The ideas that support Western culture are Hellenism and Hebraism. The core of Greek thought is the spirit of rationalism, and Christian thought is the creation of the sole God belief in Christ's salvation through Jesus Christ. Through the Middle Ages, Christianity drained in pride and prejudice of the West was alienated from Jesus' spirit of universal compassion and salvation for humankind, and in modern times Greek rationality has degenerated into selfish calculation that has lost morality.
 
Eurocentism is a concept that is used almost equally with Westeuropism, which identifies the historical development process of Europe as a universal development of civilization and human history. Therefore, it refers to the way in which Europe makes assumptions based on historical interpretation. At this time, Europe could include countries like the United States, not the geographical concept. Thus, it is a comprehensive meaning similar to the 'Occident' contrasting with 'Orient'. The concept of Europeanism itself has a short history. This concept appeared in political or historical philosophical discussions after World War II, and it is only recently that it began to be used in academic terms. Europeanism reveals the typical characteristics of modern world history and presents two key propositions. 
 
First, it is assumed that modern history development started in Europe, and that global modernization has spread European style and Western achievement. It is emphasized that modern achievements, represented by capitalism, modern political and military forces, modern culture and institutions, first occurred in Europe and spread around the world. Second, these modern achievements were formed in the development of European independent traditions and history. Before the outcome of the historic achievements in Europe spread to the non-European world, the European and non-European worlds were each developing independently, and it is therefore recognized that Europe and non-European civilization units were entirely unrelated to each other.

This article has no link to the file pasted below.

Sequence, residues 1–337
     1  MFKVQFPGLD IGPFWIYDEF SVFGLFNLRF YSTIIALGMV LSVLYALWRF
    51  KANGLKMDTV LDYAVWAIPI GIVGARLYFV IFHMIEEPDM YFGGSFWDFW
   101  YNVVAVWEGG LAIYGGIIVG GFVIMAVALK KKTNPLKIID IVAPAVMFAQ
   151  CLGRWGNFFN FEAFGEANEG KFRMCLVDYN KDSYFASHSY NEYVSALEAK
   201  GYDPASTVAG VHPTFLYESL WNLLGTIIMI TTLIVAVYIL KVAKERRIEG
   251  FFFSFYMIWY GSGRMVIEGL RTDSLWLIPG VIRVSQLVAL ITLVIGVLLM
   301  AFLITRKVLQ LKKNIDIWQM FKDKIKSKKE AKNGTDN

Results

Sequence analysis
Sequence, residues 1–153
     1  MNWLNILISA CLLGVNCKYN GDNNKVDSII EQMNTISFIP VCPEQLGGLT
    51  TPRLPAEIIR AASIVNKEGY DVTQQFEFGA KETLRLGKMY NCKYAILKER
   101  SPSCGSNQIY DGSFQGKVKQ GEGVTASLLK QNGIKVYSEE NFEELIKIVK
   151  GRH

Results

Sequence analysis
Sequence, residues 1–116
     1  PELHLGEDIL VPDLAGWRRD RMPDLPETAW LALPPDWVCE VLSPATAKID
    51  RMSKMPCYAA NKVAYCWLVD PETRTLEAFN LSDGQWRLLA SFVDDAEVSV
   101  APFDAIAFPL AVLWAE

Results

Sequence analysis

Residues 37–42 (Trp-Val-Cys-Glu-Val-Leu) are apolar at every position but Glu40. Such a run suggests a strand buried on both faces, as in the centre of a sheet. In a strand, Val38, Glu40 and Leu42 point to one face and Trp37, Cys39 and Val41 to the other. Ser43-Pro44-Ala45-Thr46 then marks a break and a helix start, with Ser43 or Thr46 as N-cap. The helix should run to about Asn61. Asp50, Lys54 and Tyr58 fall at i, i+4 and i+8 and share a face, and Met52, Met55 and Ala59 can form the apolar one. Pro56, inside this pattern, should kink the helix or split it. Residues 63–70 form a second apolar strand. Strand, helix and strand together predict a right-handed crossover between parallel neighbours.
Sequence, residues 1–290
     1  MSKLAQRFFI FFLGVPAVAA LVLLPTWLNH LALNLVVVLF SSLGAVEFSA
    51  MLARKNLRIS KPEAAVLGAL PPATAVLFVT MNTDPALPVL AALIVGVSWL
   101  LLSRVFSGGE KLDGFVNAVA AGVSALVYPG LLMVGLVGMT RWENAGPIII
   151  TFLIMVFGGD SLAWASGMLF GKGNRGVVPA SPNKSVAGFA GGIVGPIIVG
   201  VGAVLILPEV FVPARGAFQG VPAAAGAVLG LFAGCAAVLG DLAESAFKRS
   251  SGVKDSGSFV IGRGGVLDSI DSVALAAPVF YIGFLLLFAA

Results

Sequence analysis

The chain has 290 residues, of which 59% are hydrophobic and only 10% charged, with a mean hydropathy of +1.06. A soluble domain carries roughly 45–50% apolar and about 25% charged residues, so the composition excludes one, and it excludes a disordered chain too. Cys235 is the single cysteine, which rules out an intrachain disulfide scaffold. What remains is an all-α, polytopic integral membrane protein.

The question about ‘the theory of the essence of civilization’ with this perception  is obvious. The fact that a civilized unit called Europe or the West is actually just a discourse structure based on numerous differences and diversity in it, and it is completely ignored, and is assumed to be a civilized unit with its substance. In this regard, even if it is possible to assume it, the fact that such a civilized unit was formed in interaction and connection with the so-called 'non-European' society or with civilization is completely concealed. According to this logic, a non-European society was not recognized as another society and civilization by being branded as a 'deficit' and 'steady' society compared to a European society that achieved modernization.
 
As is evident from the historian Leopold von Ranke who laid the foundations of modern Western history, the study of European history already presupposes a European-centered attitude. In this sense, world history was not a universal history of mankind in its true sense, but a civilized European history, and a European history in which it was realized. Therefore, the history of the world that Ranket pursued was 'a history centered on the development of world history of limited people in the European continent' and was understood to be centered on the development of major European peoples, while largely mindful of Asia. Later on, a model of history was formed, which advocated such a European-centered attitude but whose main task was European description of national history. And the reality is that the possibility for world history to treat European and non-European history equally is ruled out.